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Conversation: the Abomination that Shall Indeed Be Named

I ran into a post at G+ which turned out to have been partly prompted by the Barbaric Psychedelic game, and then my comment got replies … well, social media was actually social for once, and the outcome was this conversation with the very kind Gregor Vuga about this-or-that about Dungeons & Dragons 4th edition.

Are we profound? Possibly. Are we organized? No. I’m more mortified by the points Gregor didn’t get to develop than I am proud of anything I say in it.

On the plus side, I enjoyed the freewheeling, genuinely conversational approach, acknowledging the slight sacrifice in clarity. With this and the earlier discussion with Jason D’Angelo about system diagrams in mind, I think these fun chats are a really good idea for the site. Let me know if you feel like doing any.

Gregor dug up the references for a couple of points he mentioned: 4E D&D is the oldest-school old-school game out there, and I've played WoW for four years... . I still haven’t recalled who said the thing about a culture rather than a game.

I’ve attached the Barbaric Psychedelic player-introduction sheet for those who haven’t been following the game in Actual Play. I’m almost ready to share the other, related prep that I talked about.

Comments

I've never had even the vaguest urge or interest in playing D&D 4th Edition, but I consumed the "Barbaric Psychedelic Stripdown" with total fascination.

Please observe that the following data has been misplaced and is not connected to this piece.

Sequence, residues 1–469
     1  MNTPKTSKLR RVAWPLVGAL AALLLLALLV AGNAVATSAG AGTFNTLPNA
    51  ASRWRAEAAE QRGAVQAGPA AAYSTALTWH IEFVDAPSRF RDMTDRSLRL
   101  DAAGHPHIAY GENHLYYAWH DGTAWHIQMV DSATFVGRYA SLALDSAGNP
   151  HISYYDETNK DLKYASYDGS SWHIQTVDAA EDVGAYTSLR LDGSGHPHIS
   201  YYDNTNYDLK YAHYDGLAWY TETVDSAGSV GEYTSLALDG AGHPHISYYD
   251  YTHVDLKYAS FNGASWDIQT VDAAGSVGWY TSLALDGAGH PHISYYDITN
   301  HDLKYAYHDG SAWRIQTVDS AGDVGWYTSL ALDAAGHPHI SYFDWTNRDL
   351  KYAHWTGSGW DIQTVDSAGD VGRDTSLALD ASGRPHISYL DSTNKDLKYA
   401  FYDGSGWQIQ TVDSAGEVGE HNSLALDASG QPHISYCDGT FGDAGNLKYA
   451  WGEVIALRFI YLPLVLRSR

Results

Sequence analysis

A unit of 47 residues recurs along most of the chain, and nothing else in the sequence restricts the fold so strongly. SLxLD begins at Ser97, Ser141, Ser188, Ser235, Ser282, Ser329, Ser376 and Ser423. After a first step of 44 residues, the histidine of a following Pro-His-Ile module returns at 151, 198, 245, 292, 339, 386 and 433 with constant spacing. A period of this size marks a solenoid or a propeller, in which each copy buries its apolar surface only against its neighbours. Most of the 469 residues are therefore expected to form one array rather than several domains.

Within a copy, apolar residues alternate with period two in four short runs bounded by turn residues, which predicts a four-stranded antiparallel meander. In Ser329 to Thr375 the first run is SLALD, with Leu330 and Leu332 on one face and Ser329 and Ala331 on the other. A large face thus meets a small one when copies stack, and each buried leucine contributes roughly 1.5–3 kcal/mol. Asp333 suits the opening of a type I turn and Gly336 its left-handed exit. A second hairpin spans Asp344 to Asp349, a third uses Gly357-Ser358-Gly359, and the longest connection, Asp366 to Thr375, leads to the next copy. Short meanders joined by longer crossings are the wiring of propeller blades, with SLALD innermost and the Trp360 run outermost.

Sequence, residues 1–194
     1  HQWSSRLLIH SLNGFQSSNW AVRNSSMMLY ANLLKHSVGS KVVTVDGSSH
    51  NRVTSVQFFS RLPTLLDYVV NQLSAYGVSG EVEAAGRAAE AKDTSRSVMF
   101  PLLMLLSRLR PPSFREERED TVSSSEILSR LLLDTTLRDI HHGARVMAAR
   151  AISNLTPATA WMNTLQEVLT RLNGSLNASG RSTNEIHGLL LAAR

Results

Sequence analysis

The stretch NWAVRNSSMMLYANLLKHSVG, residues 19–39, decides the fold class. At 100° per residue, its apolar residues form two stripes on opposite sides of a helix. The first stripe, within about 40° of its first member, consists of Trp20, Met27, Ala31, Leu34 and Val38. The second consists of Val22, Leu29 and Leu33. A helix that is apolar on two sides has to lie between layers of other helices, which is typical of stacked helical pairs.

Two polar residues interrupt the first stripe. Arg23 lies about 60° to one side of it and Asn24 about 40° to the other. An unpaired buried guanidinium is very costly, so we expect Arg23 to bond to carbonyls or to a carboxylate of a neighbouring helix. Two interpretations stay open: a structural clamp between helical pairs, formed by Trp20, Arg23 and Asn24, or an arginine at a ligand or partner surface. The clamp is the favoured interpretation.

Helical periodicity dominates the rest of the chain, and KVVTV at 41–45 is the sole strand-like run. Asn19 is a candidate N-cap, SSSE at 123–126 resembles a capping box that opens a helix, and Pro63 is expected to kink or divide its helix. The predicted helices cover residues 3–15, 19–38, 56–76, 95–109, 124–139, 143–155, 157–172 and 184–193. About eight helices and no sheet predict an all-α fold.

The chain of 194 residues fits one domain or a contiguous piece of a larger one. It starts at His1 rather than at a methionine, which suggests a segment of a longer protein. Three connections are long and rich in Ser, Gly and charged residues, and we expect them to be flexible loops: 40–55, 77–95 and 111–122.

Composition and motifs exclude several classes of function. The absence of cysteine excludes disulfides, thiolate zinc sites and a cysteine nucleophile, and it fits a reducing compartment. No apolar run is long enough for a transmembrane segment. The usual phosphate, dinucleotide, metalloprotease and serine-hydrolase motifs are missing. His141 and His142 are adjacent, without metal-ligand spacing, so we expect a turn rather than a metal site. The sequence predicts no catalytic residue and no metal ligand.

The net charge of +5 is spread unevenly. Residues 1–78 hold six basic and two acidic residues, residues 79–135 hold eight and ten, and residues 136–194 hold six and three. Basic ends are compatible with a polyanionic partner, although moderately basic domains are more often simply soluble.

If only every campaign came with such a detailed "guide", pointing out everything from the finer details of rule application to the game's larger goals, on strategic, creative, and interpersonal fronts.

Very interesting (and inspiring)! Thanks for sharing.

Ron Edwards's picture

I can't wait to see your reaction to "Heretic Eclesiastic Diabolic Evangelic Fanatic 4E D&D," which I mentioned in the video. [editing this in: and which I just made available to $2+ patrons]

I like this approach too, and a little while ago, I peeked at the OGL just to, you know, see what it said. Some content is completely proprietary, including things I'm currently using, like Githzerai or in the case of the other idea, Tieflings or Lolth. Skinning those into non-actionable versions wouldn't be hard, or conversely, maybe that's a matter of a quickly-negotiated email exchange if the relevant functionary were supportive of the project.

I'm also considering treating the whole thing as free material, merely "fan pages," which (pending legal advice) I think bypasses that problem.